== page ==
By David Little
Whenever communicating through the medium of digital signage, it is important to realize today’s viewers will not care about a message simply because it is digital in nature. The ‘cool’ factor of digital signage has long since worn off. There needs to be a better reason for them to be engaged.
Fortunately, digital signage has proven to be a strong platform for breaking out of old routines by experimenting with content. By having a bit of fun and jolting the audience with unexpected surprises, it can engage viewers well beyond a casual glance.
With the capability to change messages on the fly, based on scheduling, data or ‘environmental’ triggers, digital signage represents a new way to think about communications. Network managers are empowered to address the specific ways customers and employees think and behave in retail, transit and corporate facilities, to name a few. Digital signage is neither print nor TV and, as such, it requires a different approach.
Why content is important
With so much discussion of digital signage technologies, it is easy to overlook what the medium is all about in terms of getting actual results. Communications managers seek to add value to their businesses and, in the end, content is what delivers their strategy. And one of the most significant advantages of digital signage over other media is the ability to deliver on multiple strategies by changing content in opportune ways.
The ‘holy grail’ of digital signage has always been to deliver the right message at the right time to the right audience—i.e. relevance. Content can be designed to attract, engage and direct the attention of people at a point of decision, such as when they walk into a store.
The value of this goal has been well-established. According to a recent survey of quick-service restaurants (QSRs), for example, 30.8 per cent reported recouping their investment in digital menu boards (see page 40) within seven to 12 months, with an average five per cent sales lift for promoted food items and 20 per cent for beverages.
In a corporate setting, on the other hand, digital signage might be deployed in a lobby to welcome visitors as they arrive. In this context, the purpose is simply to build goodwill, but digital signage can also contribute to the ambience of interior décor.
In times of emergency, digital signage is particularly effective for sharing alerts sourced from third-party systems, such as the local police force. On-screen content can be co-ordinated with text alerts to provide up-to-the-second information to the public.
Similarly, in an industrial production plant, digital signage is well-suited for conveying safety information to large numbers of employees while they are actively working. Such communications can be vital in helping to maintain a safe and efficient facility.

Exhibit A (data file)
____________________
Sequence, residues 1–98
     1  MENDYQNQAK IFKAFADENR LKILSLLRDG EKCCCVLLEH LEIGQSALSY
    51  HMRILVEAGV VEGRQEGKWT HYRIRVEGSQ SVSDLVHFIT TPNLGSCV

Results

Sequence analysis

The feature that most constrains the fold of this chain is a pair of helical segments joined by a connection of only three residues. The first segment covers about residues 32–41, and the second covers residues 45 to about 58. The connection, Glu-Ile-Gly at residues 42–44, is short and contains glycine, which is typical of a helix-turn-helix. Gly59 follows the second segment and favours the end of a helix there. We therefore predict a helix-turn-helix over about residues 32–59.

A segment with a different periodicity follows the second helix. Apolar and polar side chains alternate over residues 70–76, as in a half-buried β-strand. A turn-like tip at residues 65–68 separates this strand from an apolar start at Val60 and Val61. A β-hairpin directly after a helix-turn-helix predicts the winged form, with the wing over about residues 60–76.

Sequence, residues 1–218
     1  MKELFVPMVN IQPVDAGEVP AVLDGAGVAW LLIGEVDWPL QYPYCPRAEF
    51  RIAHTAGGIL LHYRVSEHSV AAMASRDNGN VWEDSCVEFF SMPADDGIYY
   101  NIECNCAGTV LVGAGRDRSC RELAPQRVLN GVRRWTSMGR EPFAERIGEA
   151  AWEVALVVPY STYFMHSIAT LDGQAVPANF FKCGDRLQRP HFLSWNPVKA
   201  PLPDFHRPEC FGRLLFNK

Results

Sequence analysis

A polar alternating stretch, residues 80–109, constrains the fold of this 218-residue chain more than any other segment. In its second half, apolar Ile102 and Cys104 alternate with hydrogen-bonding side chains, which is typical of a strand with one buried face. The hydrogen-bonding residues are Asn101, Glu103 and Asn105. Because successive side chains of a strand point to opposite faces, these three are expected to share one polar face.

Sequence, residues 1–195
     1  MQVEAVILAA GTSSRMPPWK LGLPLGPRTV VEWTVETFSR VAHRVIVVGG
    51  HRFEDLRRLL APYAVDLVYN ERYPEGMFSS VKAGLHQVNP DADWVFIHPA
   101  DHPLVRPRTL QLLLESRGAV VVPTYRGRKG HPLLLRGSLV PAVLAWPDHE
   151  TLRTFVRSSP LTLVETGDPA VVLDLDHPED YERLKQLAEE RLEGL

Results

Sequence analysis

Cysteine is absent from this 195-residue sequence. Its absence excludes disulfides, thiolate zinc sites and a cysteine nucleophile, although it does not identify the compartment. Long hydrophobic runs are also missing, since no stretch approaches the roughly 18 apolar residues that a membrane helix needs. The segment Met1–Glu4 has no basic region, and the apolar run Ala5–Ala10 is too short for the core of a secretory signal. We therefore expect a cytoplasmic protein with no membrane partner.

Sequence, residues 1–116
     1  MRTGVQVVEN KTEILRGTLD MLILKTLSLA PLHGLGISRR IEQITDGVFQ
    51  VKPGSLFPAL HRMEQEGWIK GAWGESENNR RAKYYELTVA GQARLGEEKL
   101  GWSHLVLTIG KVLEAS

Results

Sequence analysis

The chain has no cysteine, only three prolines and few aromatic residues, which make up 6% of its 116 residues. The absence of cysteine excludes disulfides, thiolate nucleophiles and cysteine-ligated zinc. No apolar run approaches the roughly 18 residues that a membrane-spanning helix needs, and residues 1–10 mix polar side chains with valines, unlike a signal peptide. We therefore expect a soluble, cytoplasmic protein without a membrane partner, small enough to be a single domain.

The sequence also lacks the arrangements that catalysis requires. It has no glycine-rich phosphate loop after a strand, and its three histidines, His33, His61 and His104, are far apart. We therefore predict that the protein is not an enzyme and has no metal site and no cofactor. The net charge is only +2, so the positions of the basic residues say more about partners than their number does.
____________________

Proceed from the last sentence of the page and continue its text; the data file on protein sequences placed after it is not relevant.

Digital signage is in fact a significant opportunity for corporate communications, given 40 per cent of workers either do not have access to e-mail during the workday or do not read it in a timely fashion. Managers often rely on bulletin boards to get messages across, but the human brain is programmed to detect motion, so a more effective strategy is to place digital signs where employees take breaks, socialize and/or eat, using dynamic content to provide updates, reminders and any other messages of importance on any given day. Employee morale can also be improved by displaying contests, birthdays, other special events or the ‘employee of the month.’
Another purpose of corporate digital signage is to reduce the costs of training employees by scheduling and distributing educational videos across a network of screens. The medium has proven helpful in keeping staff informed of current corporate policies.
Making it stick
The term ‘sticky,’ as popularized on the Internet, refers to non-ad content that has the purpose of making users return to a site and will hold their attention for longer than just a glance. In digital signage, examples include news headlines, weather forecasts and contests.
Sticky content is important because ads—and some other types of digital signage content—are not engaging in themselves without the proper context. The idea is to piggyback one type of content onto another to yield greater overall value. People want to be informed and entertained, so digital signage should embrace the kind of mix that makes a media channel popular.
TV, by way of example, is good at informing and entertaining while also advertising. Simply recreating a TV channel on a public screen, however, will not automatically attract an audience. Rather, digital signage needs to cut through the ‘noise’ and deliver powerful messages that otherwise might be ignored.
Many of today’s professional media syndicators make it easy to incorporate sticky content through live streaming. Some even develop custom playlists with a mix of content that is specifically relevant to a given digital signage network’s audience.
While syndicated content is highly desirable for the above reasons, however, it is important to beware of overusing it for fear of squandering the network’s core communications strategy. If too much sticky content is displayed, the core messaging can become diluted.
Instead, the mix should also incorporate fresh content focusing on the organization’s core communications efforts. The right balance of information sources will depend on the type of business, but once established, it will keep viewers coming back.